[00059] The first fuse map may comprise a first fuse region and the second fuse map may comprise a second fuse region. Each of the first fuse region and the second fuse region may comprise a plurality of attribute types, where each of the plurality of attribute types is required for ensuring at least one of authenticity, confidentiality, or integrity for a respective fuse region.

[00060] The plurality of attribute types may include: (1) a first attribute type concerning any permissions associated with reading, writing, or programming of a respective fuse region by a processing unit or a hardware block associated with a respective SoC; (2) a second attribute type concerning any permissions or timing associated with a loading of a respective fuse region to a destination associated with a respective SoC; (3) a third attribute type concerning any encoding associated with a respective fuse region; and (4) a fourth attribute type concerning any integrity protection method associated with a respective fuse region. Each of the plurality of attribute types may correspond to a fixed value or a dynamic value assigned by a trusted entity.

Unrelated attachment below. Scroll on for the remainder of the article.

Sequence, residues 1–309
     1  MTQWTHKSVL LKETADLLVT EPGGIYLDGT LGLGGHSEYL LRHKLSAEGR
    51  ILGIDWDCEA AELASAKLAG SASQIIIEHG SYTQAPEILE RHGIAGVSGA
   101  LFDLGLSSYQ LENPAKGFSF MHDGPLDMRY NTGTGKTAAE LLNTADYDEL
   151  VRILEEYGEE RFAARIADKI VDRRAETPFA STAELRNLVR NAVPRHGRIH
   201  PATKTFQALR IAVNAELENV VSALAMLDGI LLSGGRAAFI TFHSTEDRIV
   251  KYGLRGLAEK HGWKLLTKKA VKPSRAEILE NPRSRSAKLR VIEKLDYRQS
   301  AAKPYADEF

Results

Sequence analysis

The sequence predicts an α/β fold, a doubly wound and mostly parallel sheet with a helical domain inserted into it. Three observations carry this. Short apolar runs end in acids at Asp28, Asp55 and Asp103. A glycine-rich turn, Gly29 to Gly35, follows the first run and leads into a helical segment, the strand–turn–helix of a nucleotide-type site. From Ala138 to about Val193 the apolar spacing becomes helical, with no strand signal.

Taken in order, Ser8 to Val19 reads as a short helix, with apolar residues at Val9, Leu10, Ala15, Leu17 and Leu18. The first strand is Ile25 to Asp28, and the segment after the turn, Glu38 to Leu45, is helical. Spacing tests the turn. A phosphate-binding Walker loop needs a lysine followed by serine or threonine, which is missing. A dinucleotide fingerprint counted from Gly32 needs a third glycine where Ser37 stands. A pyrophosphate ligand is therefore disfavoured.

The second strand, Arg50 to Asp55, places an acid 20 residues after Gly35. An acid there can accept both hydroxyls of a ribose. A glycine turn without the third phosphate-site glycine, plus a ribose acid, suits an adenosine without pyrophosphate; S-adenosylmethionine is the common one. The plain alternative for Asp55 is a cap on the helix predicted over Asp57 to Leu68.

[00061] It is to be understood that the methods, modules, and components depicted herein are merely exemplary. Alternatively, or in addition, the functionality described herein can be performed, at least in part, by one or more hardware logic components. For example, and without limitation, illustrative types of hardware logic components that can be used include Field-Programmable Gate Arrays (FPGAs), Application-Specific Integrated Circuits (ASICs), Application-Specific Standard Products (ASSPs), System-on- a-Chip systems (SOCs), Complex Programmable Logic Devices (CPLDs), etc. In an abstract, but still definite sense, any arrangement of components to achieve the same functionality is effectively "associated" such that the desired functionality is achieved. Hence, any two components herein combined to achieve a particular functionality can be seen as "associated with" each other such that the desired functionality is achieved, irrespective of architectures or inter-medial components. Likewise, any two components so associated can also be viewed as being "operably connected," or "coupled," to each other to achieve the desired functionality.